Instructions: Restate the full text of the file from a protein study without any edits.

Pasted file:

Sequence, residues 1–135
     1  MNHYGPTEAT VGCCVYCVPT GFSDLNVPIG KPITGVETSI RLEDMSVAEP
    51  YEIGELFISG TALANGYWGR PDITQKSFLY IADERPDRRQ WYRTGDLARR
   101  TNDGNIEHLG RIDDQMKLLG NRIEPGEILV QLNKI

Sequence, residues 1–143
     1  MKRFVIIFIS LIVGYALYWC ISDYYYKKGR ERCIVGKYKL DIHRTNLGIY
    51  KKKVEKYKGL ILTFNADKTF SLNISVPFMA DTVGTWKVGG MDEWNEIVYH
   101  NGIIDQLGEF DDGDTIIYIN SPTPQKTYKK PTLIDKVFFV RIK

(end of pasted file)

Sequence, residues 1–135
     1  MNHYGPTEAT VGCCVYCVPT GFSDLNVPIG KPITGVETSI RLEDMSVAEP
    51  YEIGELFISG TALANGYWGR PDITQKSFLY IADERPDRRQ WYRTGDLARR
   101  TNDGNIEHLG RIDDQMKLLG NRIEPGEILV QLNKI

Sequence, residues 1–143
     1  MKRFVIIFIS LIVGYALYWC ISDYYYKKGR ERCIVGKYKL DIHRTNLGIY
    51  KKKVEKYKGL ILTFNADKTF SLNISVPFMA DTVGTWKVGG MDEWNEIVYH
   101  NGIIDQLGEF DDGDTIIYIN SPTPQKTYKK PTLIDKVFFV RIK